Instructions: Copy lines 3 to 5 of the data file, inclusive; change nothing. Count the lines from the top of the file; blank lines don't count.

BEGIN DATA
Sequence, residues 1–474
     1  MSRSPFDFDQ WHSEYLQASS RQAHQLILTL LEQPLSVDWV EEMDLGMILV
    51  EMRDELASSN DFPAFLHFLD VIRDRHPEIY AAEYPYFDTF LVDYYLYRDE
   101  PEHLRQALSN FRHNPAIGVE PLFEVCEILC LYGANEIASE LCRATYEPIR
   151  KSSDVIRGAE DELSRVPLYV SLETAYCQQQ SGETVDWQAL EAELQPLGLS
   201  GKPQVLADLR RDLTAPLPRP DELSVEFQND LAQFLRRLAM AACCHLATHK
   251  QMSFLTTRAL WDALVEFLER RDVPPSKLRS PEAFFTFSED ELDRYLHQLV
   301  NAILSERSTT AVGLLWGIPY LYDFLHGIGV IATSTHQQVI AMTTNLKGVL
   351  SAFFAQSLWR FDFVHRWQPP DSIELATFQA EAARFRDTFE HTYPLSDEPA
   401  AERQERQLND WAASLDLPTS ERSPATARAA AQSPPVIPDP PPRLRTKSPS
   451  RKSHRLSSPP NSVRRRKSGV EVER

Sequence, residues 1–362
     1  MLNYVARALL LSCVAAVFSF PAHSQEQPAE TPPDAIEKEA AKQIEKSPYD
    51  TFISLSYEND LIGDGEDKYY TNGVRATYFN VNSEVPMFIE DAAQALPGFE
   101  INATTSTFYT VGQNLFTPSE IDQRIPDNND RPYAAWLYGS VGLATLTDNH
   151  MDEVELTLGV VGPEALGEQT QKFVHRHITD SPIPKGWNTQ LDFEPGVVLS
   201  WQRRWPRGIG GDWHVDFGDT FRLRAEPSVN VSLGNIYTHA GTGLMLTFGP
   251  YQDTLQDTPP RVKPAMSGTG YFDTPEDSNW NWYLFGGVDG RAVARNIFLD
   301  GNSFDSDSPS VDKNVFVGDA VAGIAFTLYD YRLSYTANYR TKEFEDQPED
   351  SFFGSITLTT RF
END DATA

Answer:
    51  EMRDELASSN DFPAFLHFLD VIRDRHPEIY AAEYPYFDTF LVDYYLYRDE
   101  PEHLRQALSN FRHNPAIGVE PLFEVCEILC LYGANEIASE LCRATYEPIR
   151  KSSDVIRGAE DELSRVPLYV SLETAYCQQQ SGETVDWQAL EAELQPLGLS